JAPAN 2019-11-14T10:05:21+00:00


          Japan is a sovereign island nation in East Asia located in the Pacific Ocean; it lies off the eastern coast of the Asian mainland, and stretches from the Sea of Okhotsk in the north to the East China Sea and Taiwan in the southwest. The country has the world’s third-largest economy by nominal GDP and the world’s fourth-largest economy by purchasing power parity. It is also the world’s fourth-largest exporter and fourth-largest importer. The country benefits from a highly skilled workforce and is among the most highly educated countries in the world, with one of the highest percentages of its citizens holding a tertiary education degree.

The climate of Japan is predominantly temperate, but varies greatly from north to south. Japan’s geographical features divide it into six principal climatic zones: Hokkaido, Sea of Japan, Central Highland, Seto Inland Sea, Pacific Ocean, and Ryukyu Islands. The northernmost zone, Hokkaido, has a humid continental climate with long, cold winters and very warm to cool summers. Precipitation is not heavy, but the islands usually develop deep snow banks in the winter. The average winter temperature in Japan is 5.1 °C (41.2 °F) and the average summer temperature is 25.2 °C (77.4 °F).The main rainy season begins in early May in Okinawa, and the rain front gradually moves north until reaching Hokkaido in late July. In most of Honshu, the rainy season begins before the middle of June and lasts about six weeks. In late summer and early autumn, typhoons often bring heavy rain.


      In Japaneducation is compulsory at the elementary and lower secondary levels. Most students attend public schools through the lower secondary level, but private education is popular at the upper secondary and university levels.

Education prior to elementary school is provided at kindergartens and day-care centers. Public and private day-care centers take children from under age 1 on up to 5 years old. The programmes for those children aged 3–5 resemble those at kindergartens. The educational approach at kindergartens varies greatly from unstructured environments that emphasize play to highly structured environments that are focused on having the child pass the entrance exam at a private elementary school. The academic year starts from April and ends in March, having summer vacation in August and winter vacation in the end of December to the beginning of January. Also, there are few days of holidays between academic years. The period of academic year is same all through elementary level to higher education nationwide.

Japanese students consistently rank highly among OECD students in terms of quality and performance in reading literacy, math, and sciences. The average student scored 540 in reading literacy, math and science in the OECD’s Programme for International Student Assessment (PISA) and the country has one of the world’s highest-educated labour forces among OECD countries. Its populace is well educated and its society highly values education as a platform for social mobility and for gaining employment in the country’s high-tech economy. The country’s large pool of highly educated and skilled individuals is largely responsible for ushering Japan’s post-war economic growth. Tertiary-educated adults in Japan, particularly graduates in sciences and engineering benefit economically and socially from their education and skills in the country’s high tech economy. Spending on education as a proportion of GDP is below the OECD average. Although expenditure per student is comparatively high in Japan, total expenditure relative to GDP remains small.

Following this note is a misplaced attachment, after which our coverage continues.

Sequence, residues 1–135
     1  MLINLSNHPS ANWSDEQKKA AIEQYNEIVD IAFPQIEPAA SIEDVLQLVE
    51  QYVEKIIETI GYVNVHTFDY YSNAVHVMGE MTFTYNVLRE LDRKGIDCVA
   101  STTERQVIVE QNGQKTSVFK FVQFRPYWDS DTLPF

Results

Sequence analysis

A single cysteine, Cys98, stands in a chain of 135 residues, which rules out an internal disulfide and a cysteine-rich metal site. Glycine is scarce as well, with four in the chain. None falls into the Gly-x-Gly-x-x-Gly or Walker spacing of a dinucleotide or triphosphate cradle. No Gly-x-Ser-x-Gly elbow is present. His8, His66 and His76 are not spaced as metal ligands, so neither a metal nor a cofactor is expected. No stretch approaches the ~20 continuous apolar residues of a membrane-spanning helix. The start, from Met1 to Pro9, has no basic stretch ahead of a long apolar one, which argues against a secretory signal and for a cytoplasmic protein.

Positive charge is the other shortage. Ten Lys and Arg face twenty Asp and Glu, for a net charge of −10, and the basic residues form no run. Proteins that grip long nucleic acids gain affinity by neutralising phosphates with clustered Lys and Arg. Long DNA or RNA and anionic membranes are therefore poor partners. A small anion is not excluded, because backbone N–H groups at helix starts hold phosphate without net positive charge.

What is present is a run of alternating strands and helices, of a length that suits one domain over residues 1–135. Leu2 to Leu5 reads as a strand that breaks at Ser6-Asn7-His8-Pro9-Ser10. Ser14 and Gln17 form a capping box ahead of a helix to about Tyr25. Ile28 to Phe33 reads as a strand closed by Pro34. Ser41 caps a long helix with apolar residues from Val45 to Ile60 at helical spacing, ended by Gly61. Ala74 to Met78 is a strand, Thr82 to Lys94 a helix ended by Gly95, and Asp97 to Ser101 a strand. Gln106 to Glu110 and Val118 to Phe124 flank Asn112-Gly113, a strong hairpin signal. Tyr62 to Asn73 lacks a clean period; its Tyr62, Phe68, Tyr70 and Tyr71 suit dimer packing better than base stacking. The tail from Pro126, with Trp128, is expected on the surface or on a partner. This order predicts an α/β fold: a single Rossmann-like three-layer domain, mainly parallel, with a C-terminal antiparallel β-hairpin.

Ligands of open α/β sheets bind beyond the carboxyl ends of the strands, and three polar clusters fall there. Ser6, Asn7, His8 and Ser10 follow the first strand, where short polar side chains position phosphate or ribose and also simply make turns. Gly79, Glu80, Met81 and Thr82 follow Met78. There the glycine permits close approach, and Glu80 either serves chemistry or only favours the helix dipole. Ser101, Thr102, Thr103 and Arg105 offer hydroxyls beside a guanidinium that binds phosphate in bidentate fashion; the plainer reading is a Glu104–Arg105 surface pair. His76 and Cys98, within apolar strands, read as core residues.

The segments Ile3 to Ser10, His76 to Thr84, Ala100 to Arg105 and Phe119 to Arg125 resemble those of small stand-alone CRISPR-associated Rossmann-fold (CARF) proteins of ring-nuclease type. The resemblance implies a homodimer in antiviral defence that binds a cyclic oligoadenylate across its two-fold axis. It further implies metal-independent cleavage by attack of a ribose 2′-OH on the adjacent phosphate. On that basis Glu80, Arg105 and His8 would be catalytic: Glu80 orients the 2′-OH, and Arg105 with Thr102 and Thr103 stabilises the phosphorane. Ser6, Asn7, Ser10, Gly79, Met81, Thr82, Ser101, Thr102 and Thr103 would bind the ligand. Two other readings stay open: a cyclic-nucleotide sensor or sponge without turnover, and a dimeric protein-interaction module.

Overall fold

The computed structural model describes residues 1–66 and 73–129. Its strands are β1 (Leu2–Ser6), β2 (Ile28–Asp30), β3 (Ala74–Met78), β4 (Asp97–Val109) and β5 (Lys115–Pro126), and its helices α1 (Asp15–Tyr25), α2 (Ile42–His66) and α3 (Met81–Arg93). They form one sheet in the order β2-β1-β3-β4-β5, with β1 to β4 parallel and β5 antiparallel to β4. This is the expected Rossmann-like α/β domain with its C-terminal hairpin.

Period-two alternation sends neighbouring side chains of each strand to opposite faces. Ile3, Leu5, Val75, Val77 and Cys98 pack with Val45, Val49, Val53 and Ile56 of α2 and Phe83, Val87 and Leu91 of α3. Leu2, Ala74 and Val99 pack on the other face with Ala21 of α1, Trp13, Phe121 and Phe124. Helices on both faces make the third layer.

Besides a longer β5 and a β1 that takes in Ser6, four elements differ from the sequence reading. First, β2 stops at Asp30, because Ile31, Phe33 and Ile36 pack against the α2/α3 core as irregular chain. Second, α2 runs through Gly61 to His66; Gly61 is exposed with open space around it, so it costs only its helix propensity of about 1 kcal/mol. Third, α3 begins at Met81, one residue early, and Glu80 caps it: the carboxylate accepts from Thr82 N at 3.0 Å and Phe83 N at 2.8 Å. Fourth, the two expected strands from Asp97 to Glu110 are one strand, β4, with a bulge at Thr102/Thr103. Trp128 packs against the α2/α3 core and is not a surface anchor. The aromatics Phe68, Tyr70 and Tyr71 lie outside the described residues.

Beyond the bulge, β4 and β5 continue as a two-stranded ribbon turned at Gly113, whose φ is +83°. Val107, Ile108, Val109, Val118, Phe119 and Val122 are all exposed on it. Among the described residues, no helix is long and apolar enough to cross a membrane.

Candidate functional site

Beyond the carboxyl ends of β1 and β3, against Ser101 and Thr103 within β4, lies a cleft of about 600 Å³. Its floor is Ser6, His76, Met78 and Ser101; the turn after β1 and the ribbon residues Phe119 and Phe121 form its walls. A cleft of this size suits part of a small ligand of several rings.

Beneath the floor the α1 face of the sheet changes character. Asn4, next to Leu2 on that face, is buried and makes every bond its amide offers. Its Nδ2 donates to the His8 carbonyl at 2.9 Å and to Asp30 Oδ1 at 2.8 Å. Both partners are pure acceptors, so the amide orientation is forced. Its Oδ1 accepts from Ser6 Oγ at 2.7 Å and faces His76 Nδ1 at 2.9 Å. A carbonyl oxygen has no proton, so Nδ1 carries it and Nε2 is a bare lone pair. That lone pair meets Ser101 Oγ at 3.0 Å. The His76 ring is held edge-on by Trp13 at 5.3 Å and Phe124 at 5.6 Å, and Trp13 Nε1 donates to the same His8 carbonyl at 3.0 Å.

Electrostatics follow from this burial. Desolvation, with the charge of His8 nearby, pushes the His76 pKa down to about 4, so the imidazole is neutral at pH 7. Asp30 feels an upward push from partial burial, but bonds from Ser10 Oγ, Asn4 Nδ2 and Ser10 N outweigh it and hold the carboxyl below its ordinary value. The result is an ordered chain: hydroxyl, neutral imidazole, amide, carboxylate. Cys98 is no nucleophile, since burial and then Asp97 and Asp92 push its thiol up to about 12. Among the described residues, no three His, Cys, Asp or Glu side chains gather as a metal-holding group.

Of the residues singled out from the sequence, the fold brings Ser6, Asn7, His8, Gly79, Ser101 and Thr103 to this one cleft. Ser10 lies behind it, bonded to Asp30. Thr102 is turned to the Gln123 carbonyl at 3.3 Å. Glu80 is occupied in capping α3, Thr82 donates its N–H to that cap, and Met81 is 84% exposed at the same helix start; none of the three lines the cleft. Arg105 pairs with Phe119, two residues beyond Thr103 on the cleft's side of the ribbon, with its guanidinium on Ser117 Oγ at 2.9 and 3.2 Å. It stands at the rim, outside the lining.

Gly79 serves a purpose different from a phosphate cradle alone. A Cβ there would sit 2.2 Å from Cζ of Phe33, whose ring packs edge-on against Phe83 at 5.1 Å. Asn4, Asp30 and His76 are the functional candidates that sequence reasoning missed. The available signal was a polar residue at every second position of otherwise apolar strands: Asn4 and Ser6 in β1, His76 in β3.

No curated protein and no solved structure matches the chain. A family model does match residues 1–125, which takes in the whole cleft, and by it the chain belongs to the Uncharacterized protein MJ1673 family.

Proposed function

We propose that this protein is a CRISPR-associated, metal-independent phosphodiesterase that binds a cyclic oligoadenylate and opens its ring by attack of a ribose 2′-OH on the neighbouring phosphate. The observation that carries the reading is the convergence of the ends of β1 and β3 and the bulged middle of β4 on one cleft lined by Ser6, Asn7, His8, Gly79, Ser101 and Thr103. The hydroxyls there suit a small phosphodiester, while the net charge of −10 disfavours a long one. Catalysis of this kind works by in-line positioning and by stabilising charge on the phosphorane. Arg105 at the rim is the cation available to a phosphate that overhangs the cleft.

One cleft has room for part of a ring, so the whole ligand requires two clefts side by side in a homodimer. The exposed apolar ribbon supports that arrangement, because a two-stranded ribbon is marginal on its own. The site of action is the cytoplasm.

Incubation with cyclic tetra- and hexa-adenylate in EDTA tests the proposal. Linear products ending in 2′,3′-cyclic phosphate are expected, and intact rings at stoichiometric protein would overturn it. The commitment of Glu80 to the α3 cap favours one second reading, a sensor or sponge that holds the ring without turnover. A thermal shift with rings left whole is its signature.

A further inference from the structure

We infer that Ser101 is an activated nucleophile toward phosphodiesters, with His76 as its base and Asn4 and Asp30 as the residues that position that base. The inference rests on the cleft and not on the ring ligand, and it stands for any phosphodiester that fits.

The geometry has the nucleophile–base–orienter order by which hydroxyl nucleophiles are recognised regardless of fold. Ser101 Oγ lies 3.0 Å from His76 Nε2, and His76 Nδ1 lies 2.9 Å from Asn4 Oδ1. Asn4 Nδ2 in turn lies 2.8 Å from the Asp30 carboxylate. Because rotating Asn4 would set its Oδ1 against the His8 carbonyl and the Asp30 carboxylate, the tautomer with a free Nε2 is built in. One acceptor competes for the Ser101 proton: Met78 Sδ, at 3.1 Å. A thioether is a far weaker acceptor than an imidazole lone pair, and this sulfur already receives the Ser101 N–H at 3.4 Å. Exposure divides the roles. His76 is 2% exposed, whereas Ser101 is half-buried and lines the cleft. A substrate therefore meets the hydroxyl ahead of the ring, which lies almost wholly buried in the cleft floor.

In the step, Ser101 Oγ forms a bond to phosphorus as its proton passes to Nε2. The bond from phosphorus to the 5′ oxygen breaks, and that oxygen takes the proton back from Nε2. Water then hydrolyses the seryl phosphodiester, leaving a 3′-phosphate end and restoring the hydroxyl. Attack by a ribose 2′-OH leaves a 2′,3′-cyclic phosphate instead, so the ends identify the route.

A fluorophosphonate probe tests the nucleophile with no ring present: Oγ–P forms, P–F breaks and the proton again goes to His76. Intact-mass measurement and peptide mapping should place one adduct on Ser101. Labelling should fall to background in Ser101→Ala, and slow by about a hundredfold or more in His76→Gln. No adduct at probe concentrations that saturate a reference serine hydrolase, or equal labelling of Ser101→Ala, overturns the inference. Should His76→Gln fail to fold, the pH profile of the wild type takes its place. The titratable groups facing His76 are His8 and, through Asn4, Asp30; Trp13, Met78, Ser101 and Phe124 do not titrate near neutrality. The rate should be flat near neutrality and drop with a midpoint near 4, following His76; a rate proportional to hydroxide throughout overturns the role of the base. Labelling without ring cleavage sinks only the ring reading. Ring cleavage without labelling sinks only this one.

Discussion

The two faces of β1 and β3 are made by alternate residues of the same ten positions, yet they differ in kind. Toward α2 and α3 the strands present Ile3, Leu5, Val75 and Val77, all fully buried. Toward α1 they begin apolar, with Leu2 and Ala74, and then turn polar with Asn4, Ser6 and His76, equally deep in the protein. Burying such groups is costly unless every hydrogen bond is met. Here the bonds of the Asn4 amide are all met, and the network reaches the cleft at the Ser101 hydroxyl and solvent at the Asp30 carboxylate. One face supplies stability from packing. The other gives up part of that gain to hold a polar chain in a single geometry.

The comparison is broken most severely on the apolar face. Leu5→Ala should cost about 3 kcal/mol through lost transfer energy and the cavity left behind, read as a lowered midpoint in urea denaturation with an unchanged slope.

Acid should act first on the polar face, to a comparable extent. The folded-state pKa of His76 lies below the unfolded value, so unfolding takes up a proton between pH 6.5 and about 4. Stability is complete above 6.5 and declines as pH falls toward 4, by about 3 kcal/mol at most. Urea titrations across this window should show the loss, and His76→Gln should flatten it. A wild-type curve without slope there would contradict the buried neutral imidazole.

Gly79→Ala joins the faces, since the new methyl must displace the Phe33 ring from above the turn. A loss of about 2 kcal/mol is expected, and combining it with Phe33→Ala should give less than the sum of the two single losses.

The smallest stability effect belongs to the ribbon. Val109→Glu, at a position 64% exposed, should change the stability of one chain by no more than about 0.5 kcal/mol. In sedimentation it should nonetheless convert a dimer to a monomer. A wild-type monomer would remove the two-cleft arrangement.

Diagram: Education System in Japan





1. High educational standards

The OECD ranks Japanese high school students number one in the world for maths, and number 2 for scientific literacy. Japan has the highest number of Nobel prize winners of any Asian country, and the second highest of any country since 2000.. 49% of Japanese High School graduates enter university. Japan has over 700 universities, with 10 ranked in the top 200 worldwide.

2. Varieties of Higher Education

As a foundation of society, Japan provides a wide variety of higher education. In Japan, there are over 700 universities, and nearly 3000 specialty schools. From traditional educational subjects (law, economics, engineering, science and math), to the more modern fields of study (environment, IT, tourism, comics and animation, computers/games), the choices and possibilities are endless.

  1. Degree of satisfaction after studying abroad in Japan


・73.2% of international students stated that their impression of the country “became better” after living and studying in Japan.
・66.1% of international students stated that their impression of the people “became better” after living and studying in Japan.
・88.0% of international students stated that their impression of their overall experience of studying abroad in Japan was “great” according to research conducted by JASSO based on international students and their impressions while studying in Japan.




  1. Many scholarship opportunities

A wide range of scholarships are available, both from the university, and from public and private organizations. A limited number of Tsukuba scholarships are available, paying a monthly living allowance, and a travel allowance (first year only). A wide range of other scholarships are available, with some directed towards specific nationalities, women, minorities, or those with high level Japanese proficiency.51.4% of students who come to Japan to study receive a scholarship of some sort according to research conducted by JASSO based on international students studying in Japan.